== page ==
By Frank Deford
January 18, 2012

Now that Tim Tebow is out of hearts and minds and we can actually turn our attention to other things, let us go to the other side of the world. There, a short while ago, while preparing for the Australian Open, Serena Williams said: "I don't love tennis today, but ... I've actually never liked sports."

While her confession might have surprised some, I suspect that even more were irritated, actually angered that an athlete -- a great champion! -- could utter such blasphemy.

We sometimes also hear the sentiment expressed that we'd like to see an athlete quit near the peak of his career, but when Tiki Barber, the running back, did just that a few years ago, he was utterly astonished at the reaction of so many fans. They all but berated him -- how dare you leave the game!

It's not just that so many of us love sports so and can't comprehend someone who's in the game not caring for it all that much. Rather, I think, there's a lot of envy involved. So many people -- girls, as well as boys now -- grow up playing sports and loving them but ultimately failing at them, and so when we see someone who achieved what we couldn't we're all the more put out if they can blithely turn their back on it. Why, fans have even been shocked at the recent revelations that several ice hockey goons really didn't enjoy being ... goons.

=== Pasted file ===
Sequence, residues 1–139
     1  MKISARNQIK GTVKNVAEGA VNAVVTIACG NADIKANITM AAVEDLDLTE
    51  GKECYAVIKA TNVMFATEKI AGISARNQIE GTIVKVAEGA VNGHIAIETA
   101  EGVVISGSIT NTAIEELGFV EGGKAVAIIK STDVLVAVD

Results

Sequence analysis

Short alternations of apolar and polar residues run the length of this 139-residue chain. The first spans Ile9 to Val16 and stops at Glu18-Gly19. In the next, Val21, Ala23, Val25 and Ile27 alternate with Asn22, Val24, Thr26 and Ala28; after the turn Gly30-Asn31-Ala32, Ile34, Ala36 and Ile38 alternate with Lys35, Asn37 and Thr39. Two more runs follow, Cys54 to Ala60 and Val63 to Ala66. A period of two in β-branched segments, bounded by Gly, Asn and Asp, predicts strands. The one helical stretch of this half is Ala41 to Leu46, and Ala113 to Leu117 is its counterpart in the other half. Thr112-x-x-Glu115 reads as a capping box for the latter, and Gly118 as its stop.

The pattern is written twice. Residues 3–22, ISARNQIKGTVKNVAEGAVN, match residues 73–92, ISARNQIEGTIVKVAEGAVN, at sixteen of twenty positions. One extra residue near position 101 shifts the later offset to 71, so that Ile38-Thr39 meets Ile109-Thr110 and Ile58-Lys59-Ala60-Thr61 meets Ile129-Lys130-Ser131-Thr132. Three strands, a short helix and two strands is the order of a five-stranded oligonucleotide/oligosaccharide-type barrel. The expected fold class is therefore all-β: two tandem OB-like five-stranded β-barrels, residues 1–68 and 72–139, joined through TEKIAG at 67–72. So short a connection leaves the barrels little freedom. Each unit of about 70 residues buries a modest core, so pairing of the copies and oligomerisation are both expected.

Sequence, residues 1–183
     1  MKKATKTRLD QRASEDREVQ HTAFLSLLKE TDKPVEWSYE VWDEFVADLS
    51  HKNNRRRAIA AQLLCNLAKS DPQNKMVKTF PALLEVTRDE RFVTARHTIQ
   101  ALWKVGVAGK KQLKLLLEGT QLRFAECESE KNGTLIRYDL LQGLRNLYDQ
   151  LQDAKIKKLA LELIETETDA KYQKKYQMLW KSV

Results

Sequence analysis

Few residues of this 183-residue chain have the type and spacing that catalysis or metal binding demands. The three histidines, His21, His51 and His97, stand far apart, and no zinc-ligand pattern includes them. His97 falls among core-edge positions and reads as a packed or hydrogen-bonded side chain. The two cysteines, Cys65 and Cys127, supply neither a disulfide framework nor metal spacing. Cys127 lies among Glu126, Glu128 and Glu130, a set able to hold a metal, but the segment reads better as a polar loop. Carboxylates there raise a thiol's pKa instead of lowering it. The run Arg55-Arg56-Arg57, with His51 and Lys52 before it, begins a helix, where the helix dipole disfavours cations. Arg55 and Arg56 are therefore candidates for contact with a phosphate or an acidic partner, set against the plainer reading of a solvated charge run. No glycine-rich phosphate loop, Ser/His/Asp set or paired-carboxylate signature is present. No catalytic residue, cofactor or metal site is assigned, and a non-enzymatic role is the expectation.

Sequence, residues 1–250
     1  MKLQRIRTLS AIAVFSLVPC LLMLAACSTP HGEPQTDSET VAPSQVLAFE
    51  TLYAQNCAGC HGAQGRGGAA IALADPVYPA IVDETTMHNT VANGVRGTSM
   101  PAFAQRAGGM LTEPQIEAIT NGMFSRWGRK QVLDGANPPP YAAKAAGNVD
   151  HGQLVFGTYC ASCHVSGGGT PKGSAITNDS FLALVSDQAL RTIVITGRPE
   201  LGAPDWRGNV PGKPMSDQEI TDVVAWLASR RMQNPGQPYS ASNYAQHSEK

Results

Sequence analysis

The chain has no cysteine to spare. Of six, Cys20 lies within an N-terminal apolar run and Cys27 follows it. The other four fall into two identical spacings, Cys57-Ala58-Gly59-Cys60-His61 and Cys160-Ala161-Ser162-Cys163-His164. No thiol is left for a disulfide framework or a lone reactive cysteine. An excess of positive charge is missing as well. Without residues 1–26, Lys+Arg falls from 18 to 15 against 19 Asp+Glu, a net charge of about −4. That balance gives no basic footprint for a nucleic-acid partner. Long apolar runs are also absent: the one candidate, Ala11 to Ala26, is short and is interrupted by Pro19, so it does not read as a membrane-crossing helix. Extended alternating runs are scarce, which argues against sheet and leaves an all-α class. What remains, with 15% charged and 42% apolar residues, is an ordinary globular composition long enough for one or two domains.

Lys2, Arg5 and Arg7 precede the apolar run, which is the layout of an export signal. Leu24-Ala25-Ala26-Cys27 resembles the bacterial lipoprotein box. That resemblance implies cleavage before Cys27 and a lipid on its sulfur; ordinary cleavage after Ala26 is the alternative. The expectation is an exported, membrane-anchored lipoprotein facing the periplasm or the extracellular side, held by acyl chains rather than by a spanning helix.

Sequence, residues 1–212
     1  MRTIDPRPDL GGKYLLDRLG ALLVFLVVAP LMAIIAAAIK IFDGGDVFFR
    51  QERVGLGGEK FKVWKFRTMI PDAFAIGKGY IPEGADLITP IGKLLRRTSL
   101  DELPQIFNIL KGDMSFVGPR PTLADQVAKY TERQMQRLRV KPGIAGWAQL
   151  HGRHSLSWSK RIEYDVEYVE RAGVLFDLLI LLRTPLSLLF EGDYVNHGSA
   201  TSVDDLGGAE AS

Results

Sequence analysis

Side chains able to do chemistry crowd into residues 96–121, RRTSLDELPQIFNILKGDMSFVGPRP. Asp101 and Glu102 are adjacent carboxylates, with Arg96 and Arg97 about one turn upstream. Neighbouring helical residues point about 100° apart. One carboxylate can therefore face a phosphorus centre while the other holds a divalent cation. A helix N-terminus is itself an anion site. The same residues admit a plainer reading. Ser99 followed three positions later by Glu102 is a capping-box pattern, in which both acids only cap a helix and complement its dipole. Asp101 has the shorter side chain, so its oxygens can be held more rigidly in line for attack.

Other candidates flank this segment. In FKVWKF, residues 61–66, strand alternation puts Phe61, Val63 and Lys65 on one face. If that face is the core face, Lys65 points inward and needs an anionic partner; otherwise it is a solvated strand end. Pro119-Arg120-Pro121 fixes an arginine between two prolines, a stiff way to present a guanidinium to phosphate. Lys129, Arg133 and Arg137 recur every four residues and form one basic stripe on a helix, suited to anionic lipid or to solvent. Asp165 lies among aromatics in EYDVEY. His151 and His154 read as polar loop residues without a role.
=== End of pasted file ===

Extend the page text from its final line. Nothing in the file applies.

Now when somebody from another glamorous profession -- a model or an actor -- walks away from success, there isn't the same intensity of either jealousy or bafflement because not so many of us tried to act or model when we were growing up. But how many of us played sports and dreamed of being a star?

The irony is, in my experience, that for those athletes who do make it to the top, a passion for the game does not necessarily best light that path to glory. In fact, at the age of thirty, Serena is old for a tennis player, and she may still be a contender because she has not loved tennis so much. Through the years, it's aggravated a lot of people in her sport when she's appeared cavalier about the very thing that has brought her fame and fortune -- and thus the ability to pursue other interests -- but simply because she's been able to distance herself and find other outlets may explain why she's not yet burned out, physically or emotionally.

On the other hand, it's also my experience that a lot of the more restrained athletes who do quit before they are done, only find out afterward how much the game really meant to them. When Tiki Barber tried to come back after five seasons, nobody wanted him. Youth may be wasted on the young, but in sports, the most telling truth is that youth is not to be wasted.

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